At least that’s how the saying goes. And it’s been like that for centuries in the form of petroglyphs (Images produced on rocks during the Neolithic period), hieroglyphs (Characters from the Egyptian writing system), drawings, painting, and of course photography. Visual representations of things have always been the easiest way for humans to communicate. Archeologist and historians managed to explain a lot of things by simply looking at drawing. Even today in what we call the modern era, signs can be found everywhere in our daily lives. Just think of the phone boot sign, the elevator, the WC. The graphical user interface (GUI - Everybody using a computer knows what the GUI is. It’s the interface we see on screen that translates clicks into operations at the machine level. Clicking an icon trigger an operation translated in computer language that is much more complicated to understand) found on our computers today is another demonstration that images or signs are universal and easy to understand. Every tech devices surrounding us is loaded with a GUI to simplify their operation and help us be more productive.
The times they are a-changing, Bob
That’s an easy one, a wink to Bob Dylan for his song “The Times They Are A-Changing”
About a century ago, photography was invented and went through a fantastic and speedy evolution. The quality of the photos we can get today is incredibly good. For decades photography was everywhere in newspapers, magazines, books, posters, marketing prints, etc. These were the days of film and prints. With the arrival of digital photography and the revolution of computers (Remember when Bill Gates (Microsoft) predicted there would be a computer in every home? Today we can almost say in every room!), a lot of people started to wonder what would happen to the print industry as we knew it. I remember the days when I used to work for a large newspaper in Canada. The digital wave revolution was a big shake up in the industry and those who could not see it coming and prepare for it are no longer. Lots of them. From advertising agencies to traditional commercial printer, everybody needed to make a big change, see things differently and reinvent the way they were doing business. Photographers had to do something too. Film still exists (marginally) and seems to enjoy some revival (it’s hot these days to be “vintage”), but anyone in the photography business had to jump in the digital wagon at some point.
The more things change, the more they’re the same
But let’s take a look at the photography business as it is today. Did it really change? To some level maybe. In terms of equipment as an example. Or maybe in terms of knowledge or competencies. The rules of photography still apply today (i.e. Aperture, Shutter speed, ISO, etc.) and having a “photographic eye” is certainly making a big difference. However, film processing and chemicals left their place to something different: software and computers. The learning curve was not easy for many of the old school photographer. The following generations were educated about computers, smartphones, tablets and software at an early age. They grow with all this, it’s natural. But let’s go back to the main topic: the photograph as a final product.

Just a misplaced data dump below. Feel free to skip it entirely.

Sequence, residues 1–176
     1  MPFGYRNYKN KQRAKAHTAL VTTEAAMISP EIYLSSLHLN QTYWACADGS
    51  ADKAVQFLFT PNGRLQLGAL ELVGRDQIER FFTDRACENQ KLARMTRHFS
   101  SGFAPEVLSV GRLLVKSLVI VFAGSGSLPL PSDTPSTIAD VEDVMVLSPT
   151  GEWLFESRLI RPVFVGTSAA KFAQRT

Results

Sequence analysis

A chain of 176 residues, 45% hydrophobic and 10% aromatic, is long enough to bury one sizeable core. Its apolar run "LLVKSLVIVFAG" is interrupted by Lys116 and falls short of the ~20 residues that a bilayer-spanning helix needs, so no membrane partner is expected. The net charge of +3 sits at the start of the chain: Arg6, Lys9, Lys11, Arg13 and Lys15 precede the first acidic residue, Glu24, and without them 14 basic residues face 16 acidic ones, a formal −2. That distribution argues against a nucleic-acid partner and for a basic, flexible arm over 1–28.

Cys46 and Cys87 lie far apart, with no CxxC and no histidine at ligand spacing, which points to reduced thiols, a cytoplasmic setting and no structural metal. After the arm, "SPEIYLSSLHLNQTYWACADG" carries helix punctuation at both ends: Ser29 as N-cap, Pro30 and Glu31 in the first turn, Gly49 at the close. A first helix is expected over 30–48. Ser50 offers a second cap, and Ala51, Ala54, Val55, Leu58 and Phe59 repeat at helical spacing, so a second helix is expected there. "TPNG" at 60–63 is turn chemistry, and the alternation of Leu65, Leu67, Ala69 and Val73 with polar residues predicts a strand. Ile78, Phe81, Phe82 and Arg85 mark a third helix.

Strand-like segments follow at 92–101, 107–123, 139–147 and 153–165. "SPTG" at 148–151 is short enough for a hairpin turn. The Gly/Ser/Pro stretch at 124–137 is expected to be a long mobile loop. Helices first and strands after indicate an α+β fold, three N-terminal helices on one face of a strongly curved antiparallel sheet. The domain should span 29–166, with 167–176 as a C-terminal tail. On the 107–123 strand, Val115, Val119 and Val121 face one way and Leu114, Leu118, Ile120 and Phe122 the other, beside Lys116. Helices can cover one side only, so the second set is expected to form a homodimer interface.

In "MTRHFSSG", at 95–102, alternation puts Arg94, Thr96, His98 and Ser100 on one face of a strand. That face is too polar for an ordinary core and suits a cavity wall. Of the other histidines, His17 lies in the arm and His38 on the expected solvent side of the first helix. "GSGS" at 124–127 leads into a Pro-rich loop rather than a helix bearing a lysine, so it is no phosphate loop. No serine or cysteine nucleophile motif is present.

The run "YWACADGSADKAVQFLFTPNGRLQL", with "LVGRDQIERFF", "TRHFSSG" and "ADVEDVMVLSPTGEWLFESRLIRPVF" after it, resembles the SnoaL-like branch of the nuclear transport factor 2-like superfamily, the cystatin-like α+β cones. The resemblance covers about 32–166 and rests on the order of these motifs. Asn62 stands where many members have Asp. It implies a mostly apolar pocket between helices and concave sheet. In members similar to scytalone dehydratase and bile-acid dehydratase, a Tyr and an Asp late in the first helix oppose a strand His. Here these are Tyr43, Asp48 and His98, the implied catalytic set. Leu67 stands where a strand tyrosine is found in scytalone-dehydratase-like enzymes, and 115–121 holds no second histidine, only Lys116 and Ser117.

When you look at a great photograph, do you care if it was taken with a film camera or digital? Do you wonder if the files were scanned and printed or just “imported” and processed through some kind of image editing software? Of course not! Because a good photograph is a good photograph and that’s exactly why we still contemplate the beauty of famous photographers work from the past. And the point here is that photographs never stopped to be printed. There are more magazines in the stands than ever due to specialisation of interests. Name anything, there’s a magazine for it. There are millions of book printed. Brochures and catalogs are everywhere in the marketing industry. Personal printers can be found in every home and the photo paper market has never been so popular. There is nothing like taking a good photographs, work on it and print it. The final print is the most rewarding aspect of photography. Holding a Fine Art print is something special.
Add to that the ever growing popularity of online galleries, photo sharing sites, social media and all the portable devices that allow us to share and show our photographs, we can say photography never slowed down over the years. It’s actually growing. Hey, how many cameras did you have over the past 10 years? And think about how many cameras you will have over the next 20 years! You can probably compare that to smartphones market where we always consider a new model when it is released.
So yes, a picture is worth a thousand words. And the book still has many chapters to be written. Humans used images for thousands of years, why would it be any different now or in the near future? As a photographer it’s a great feeling to know that I’ll be doing this for the rest of my life. Different tools. Different subjects. Different media. Different places. But still looking at the world surrounding me with a photographer’s eye!
What are you thoughts on this subject? Let me know if you have anything to share. Comments. Opinion. Photography is all about sharing and that’s why I write these blog posts regularly. You might have a different view or opinion and I’m always interested to hear about it. Thanks!
© Normand Primeau